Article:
Tag Archives: Tom Blower

Mercedes Gleitze and the Vindication Swim

Well-known Californian swimmer Jamie Patrick earlier in the year mentioned in the blog comments that he liked reading articles about the history of open water swimming. Apart from what already appears in various books it’s hard to find such stories. But I shortly thereafter carried the story of Tom Blower and the first North Channel swim. (Anytime I think of doing a history post, I imagine Jamie asking me).

At the 2013 Global Open Water Swimming Conference, some of the guests were connected through a historical chain: The Irish Long Distance Swimming Association, Wayne Soutter, and Dolorando Pember.

Wayne Soutter was the first person to complete the Mull of Kintyre route from Scotland to Ireland in 2012, his account covered here. North Channel swims are ratified by the Irish Long Distance Swimming Association. And Dolorando Pember is the daughter of Mercedes Gleitze, who first unsuccessfully attempted the Mull of Kintyre route (though she was successful on so many other marathon swims).

Before she attempted the North Channel, Mercedes was an English Channel swimmer, (still the qualifying requirement for a North Channel swim to this day). In light of the Diana Nyad Controversy, the story of Mercedes Gleitze’s English Channel swim, apart from the actual swims,  is very interesting for some timely reasons less obvious than others:  

  • False swim claims have been around for a long time in our sport
  • Other honourable swimmers are negatively affected by false swim claims
  • The development of Official Observation (“ratification”) in swimming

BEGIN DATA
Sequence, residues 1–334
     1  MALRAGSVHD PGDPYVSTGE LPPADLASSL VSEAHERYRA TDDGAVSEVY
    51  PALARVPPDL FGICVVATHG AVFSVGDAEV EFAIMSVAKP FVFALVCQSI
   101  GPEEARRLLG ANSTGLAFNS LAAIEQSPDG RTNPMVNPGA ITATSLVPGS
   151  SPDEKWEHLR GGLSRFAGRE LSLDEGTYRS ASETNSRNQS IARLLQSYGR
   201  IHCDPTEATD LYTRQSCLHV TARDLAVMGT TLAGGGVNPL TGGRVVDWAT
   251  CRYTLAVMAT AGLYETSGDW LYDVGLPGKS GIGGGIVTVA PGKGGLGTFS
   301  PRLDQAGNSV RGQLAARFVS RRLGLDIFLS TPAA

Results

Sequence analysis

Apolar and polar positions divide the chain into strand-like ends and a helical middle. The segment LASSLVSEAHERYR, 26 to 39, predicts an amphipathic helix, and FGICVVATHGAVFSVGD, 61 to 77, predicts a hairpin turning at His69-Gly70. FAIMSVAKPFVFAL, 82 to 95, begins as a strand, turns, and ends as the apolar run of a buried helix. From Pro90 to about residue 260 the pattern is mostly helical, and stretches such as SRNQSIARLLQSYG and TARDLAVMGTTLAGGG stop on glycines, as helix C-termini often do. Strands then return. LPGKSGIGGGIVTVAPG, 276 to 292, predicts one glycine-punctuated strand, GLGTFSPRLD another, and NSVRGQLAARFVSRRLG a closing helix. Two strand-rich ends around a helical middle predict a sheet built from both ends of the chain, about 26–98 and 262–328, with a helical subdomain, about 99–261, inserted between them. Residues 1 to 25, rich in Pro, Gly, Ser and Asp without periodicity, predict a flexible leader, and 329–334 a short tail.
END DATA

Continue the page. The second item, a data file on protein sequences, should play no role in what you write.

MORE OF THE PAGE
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Mercedes Gleitze’s second “Vindication” English Channel swim was widely used for advertising by watch company Rolex, and the story of the Vindication Swim came to me from an website devoted to watches, of all places. With that link to the original in place, below is the story itself, leaving out the later advertising aspect of the article which describes how Mercedes swim was used to make Rolex the well-known watch company it is today.

As an addendum, British Pathe archive has a few great silent movie clips of Mercedes. Starting her second attempt (head-up granny stroke!). A News clip about failing one attempt. Getting married in Dover. Channel season. This one of out-takes has plenty of her swimming.

Note that the terms we still use of Channel Swimmer, Channel Season and Channel Aspirant were all in use in the 1920s despite that less than a dozen swimmers had completed the Channel by the end of that decade.

mercedes-TALIM-open-waterOne investigative source of this story says that the Channel Swimming Association “refused to recognize her swim as legitimate“. The CSA was only founded the same year with their handbook stating: “Since March 1927, English Channel Swims have been organised and regulated by the [CSA] and all Swims officially observed by its designated Officials/Observers  are faithfully recorded“.

The CSA database for 1927 shows three swims and Mercedes Gleitze is recognised as a Channel Swimmer.